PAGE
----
I was sent two more Captain No Beard books to read and review. The series is about Captain No Beard, his shipmates and the crazy adventures they get into. While the books are fun and definitely a child-pleasing series, each book also teaches an important message. Each story line keeps young readers engaged while also teaching them life lessons. I give the series an A+! You can read my review for two of the other books here. Below is my review for two of the other books in the series:

Title: Stuck in the Doldrums: A Lesson in Sharing
Grade: A+
Captain No Beard and his crew are stuck on  the island because there is no wind. The crew finds different things to do, but the Captain takes over everything. Linus the lion, Polly the Parrot, and Mongo the Monkey decide to look at the clouds, Each fight over the telescope, but Captain No Beard decides he gets to use the telescope because he is the captain. The same thing happens when First mate Hallie and Fribbet the Frog decide to build a sandcastle. Because his friends decide they don't want to play with him any longer, Captain No Beard boards his ship. While on the ship he runs into a problem that he needs his crewmates to help him solve.

I love the message that this book has. Being bossy does not solve problems. Everyone has a part in solving a problem and each part is just as important as another. In my preschool classroom I run into bossyness at least 10 times a day. I think that this would be a super beneficial book to read. It teaches the messages in a fun, but straightforward way that children would understand. I think it is also a great conversation starter. Once again, I love the rich vocabulary the book introduces and the gorgeous illustrations! I think this is my favorite book of the series!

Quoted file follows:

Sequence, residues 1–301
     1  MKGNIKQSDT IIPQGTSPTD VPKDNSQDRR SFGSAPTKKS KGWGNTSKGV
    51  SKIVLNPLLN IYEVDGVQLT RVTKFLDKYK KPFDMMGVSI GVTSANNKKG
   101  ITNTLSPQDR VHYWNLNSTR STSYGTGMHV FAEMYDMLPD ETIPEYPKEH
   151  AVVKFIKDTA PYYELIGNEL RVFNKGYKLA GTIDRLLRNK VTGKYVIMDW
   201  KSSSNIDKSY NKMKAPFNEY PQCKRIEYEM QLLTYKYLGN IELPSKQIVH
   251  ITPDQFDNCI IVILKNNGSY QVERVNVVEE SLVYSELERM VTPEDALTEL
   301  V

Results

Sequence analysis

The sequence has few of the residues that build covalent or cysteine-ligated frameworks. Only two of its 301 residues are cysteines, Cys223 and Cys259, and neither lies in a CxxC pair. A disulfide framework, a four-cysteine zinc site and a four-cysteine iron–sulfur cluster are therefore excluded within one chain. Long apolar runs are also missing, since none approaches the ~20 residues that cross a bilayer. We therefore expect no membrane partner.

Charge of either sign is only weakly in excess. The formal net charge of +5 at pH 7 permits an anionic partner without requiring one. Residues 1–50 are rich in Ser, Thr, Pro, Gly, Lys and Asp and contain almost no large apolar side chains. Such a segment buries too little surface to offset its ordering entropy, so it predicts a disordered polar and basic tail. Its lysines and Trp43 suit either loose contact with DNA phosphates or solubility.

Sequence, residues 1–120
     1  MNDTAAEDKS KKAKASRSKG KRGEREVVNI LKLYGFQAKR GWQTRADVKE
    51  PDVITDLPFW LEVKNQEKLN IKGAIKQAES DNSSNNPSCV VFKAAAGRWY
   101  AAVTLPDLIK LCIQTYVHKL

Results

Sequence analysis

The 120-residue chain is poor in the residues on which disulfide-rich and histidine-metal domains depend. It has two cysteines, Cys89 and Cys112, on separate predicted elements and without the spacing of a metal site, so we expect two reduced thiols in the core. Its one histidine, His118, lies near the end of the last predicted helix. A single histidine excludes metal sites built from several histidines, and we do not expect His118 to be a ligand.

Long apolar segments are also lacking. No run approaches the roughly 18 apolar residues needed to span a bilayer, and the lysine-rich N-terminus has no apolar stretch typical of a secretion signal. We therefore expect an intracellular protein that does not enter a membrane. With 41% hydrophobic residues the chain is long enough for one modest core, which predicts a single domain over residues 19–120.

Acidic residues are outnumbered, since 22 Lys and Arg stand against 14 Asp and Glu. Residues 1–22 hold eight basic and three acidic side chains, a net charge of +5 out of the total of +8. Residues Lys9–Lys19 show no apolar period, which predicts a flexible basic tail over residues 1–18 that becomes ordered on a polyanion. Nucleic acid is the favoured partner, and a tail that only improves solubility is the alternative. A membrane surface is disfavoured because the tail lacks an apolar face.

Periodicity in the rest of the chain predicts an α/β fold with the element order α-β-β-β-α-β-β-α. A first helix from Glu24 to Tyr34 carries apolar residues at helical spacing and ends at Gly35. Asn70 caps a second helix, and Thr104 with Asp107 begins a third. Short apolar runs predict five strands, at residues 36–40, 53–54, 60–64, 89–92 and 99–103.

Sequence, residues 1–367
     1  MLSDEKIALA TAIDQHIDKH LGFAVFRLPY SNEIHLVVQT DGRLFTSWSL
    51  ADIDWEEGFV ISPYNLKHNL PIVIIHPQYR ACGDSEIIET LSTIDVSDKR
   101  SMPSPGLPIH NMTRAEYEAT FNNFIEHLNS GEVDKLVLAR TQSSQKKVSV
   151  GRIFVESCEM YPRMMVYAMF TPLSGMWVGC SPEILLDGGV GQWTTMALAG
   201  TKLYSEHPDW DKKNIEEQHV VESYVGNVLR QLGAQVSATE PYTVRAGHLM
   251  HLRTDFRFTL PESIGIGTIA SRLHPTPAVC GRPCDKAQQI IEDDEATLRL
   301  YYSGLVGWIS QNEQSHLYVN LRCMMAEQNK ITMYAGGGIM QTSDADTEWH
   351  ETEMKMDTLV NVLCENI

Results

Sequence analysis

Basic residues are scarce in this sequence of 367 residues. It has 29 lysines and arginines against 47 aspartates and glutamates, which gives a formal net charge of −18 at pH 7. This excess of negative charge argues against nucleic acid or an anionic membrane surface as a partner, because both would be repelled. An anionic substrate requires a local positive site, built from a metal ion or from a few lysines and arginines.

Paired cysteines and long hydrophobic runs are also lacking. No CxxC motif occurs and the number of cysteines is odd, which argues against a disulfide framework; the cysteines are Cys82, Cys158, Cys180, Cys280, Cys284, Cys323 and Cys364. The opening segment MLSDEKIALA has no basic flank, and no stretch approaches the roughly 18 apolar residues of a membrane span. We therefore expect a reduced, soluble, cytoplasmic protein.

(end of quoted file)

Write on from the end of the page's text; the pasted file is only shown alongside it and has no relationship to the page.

Title:Pepper Parrot's Problem with Patience
Grade: A-
A new parrot joins Captain No Beard and his crew in this addition to the series. As Pepper is introduced, Captain No Beard decides its time to run some drills. Captain No Beard has everyone run from one side of the boat to the other. Pepper flies to the opposite side as everyone else and then gets frustrated. Through help from the crewmates, Pepper realizes that he must have patience. The crew decided to change Pepper's name to Polly, and they invite Polly to be a part of the gang.

I don't really think that the title accurately describes this book. To me the book teaches the message to not get frustrated when you do something wrong. When Pepper gets the sides of the ship wrong, she throws herself on the ground and pretty much throws a fit. First Mate Hallie teaches Pepper to not get upset, and tells her to calm down. She also teaches Pepper a neat way to teach right from left. I think that the message of not getting frustrated is a very important lesson to teach children. I can't even count the amount of times I have seen a child get frustrated when he or she can't do something the first time they do it. Once again, I think that this book leads to great discussion points and I think children would really enjoy it. The only thing I would change about the book is the title.

Happy Reading!